What to Do About Shoulder Injuries in Swimming

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Playing sports competitively comes with certain risks, injury being the most important. While swimming isn’t usually thought of in this light, it’s certainly an activity that can result in injury. When it comes to the pool or open water, the most common injury generally involves the shoulder.

I’ve been swimming competitively off and on for the past 25 years, with 15,000 meter days and double workouts the norm at some points during my high school years. For the most part, I swam freestyle and backstroke. I didn’t encounter shoulder problems until college, when I started training with different tools, including pull buoys and paddles. That was freshman year, and I was only 19. At first, feeling the invincibility of youth, I ignored the pain, trusting that a bit of rest after the end of the season would do the job. Coming back next season, however, the pain was even worse than before! I went to the doctor, and was diagnosed as having rotator cuff tendonitis. After a few months of rehab, I was back in the pool every day, but unfortunately, I’ve had shoulder problems ever since.

There are any number of ways to sustain a shoulder injury while swimming. Most doctors talk about “overuse”. Of course, that’s a very general term, and one that doesn’t give much guidance to athletes chasing specific goals. Here are some of the other ways you can injure your shoulder.

* Improper Technique: if you reach too far, you’ll cross over in your stroke, adding tension
* A sudden increase in the distance or intensity of your training
* Sudden change in training to incorporate pull buoys or hand paddles
* Concentrating on one stroke for an extended period
* Unbalanced strength development

Ways to Prevent Shoulder Injury

1. One of the most crucial things to keep in mind regarding freestyle stroke technique is the importance of bending your elbows underwater while you pull. This keeps you from awkwardly positioning your shoulder in the water, which in turn can lead to a problem with your rotator cuff.

2. After an extended break from swimming, make sure to slowly ease back into the pool when you resume training, much like in other sports. Take weight-lifting: after three months out of the gym, you wouldn’t want to totally max out your first day back. The same is true with swimming. Rather than getting right back on track with your routine, slowly build up to where you were. If you swam 5,000 meters a day before the break, start with 1,000, adding a couple hundred meters every day until you get back to where you once were.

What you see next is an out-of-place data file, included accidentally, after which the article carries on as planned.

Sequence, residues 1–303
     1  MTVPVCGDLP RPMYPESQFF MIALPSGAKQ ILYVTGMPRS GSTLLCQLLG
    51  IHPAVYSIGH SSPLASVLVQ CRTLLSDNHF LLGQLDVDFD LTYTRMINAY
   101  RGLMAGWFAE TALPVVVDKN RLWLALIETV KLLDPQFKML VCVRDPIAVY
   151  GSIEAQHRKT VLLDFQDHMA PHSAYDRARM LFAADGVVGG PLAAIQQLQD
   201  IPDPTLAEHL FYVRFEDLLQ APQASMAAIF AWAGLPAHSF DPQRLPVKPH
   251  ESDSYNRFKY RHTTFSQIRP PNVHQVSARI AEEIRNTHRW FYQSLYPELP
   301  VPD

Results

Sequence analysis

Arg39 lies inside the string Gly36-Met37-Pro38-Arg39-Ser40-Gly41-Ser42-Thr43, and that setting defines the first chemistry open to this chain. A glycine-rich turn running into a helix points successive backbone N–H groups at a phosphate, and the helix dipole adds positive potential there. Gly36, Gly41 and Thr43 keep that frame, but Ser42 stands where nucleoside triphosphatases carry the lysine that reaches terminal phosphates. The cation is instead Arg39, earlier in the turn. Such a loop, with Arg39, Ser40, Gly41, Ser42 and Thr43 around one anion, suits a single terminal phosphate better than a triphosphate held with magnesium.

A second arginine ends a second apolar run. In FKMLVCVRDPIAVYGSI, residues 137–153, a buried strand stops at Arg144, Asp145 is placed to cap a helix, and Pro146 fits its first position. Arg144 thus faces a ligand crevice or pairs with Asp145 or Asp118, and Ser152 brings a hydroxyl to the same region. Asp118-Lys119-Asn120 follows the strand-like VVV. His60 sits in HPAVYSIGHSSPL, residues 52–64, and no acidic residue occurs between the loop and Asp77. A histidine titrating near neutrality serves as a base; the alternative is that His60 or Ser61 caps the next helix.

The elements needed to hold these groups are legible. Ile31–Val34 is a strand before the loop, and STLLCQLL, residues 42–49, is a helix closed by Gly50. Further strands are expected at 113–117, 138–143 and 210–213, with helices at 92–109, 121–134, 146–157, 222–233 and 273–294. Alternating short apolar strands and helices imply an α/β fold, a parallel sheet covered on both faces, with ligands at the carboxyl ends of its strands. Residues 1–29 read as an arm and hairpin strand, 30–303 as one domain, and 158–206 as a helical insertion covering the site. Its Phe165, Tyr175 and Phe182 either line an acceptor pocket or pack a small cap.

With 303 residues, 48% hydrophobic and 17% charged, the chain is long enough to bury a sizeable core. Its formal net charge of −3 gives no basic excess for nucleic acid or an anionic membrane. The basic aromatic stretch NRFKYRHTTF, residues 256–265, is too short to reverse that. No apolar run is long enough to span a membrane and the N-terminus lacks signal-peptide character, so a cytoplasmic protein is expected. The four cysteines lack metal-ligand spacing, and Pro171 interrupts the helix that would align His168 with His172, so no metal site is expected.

3. Avoid using pull buoys or paddles. While it might be tempting to rely on the devices, they put unnecessary tension on the joints, while giving the swimmer a false sense of floatation. While some paddles on the market are designed to reduce this impact, you’re still better off training without them.

4. It may seem like a good idea to swim only freestyle while you train for a triathlon, but it’s not recommended. First, you’ll gain more if you cross train with other strokes. More importantly, practicing one stroke too much leads to a greater chance of injury from overusing the muscle or joint.

5. Breathing to only one side develops one set of muscles more fully than the other, causing a breakdown and potential shoulder problems. That’s why you want to breathe bilaterally (meaning to both sides). While it may be awkward in the beginning, you’ll soon realize the benefits. Just start by incorporating this technique into your warm-ups and warm-downs, and slowly blend it into the rest of your training.


If you’re just getting over a chronic shoulder injury, try out some ifns. Both Zoomers and Hydro Finz work well. By doing this, you’re serving three purposes:

1. You’ll be taking pressure off of your shoulders
2. You will benefit from a great cardio workout
3. Your legs will continue to strengthen

If there’s a silver lining to be found in shoulder injuries, it’s that they make us slow down a bit. And what happens when you slow down? You begin to concentrate on form and technique. As a coach, believe me when I tell you that many triathletes can really benefit from slowing down, at least for a while!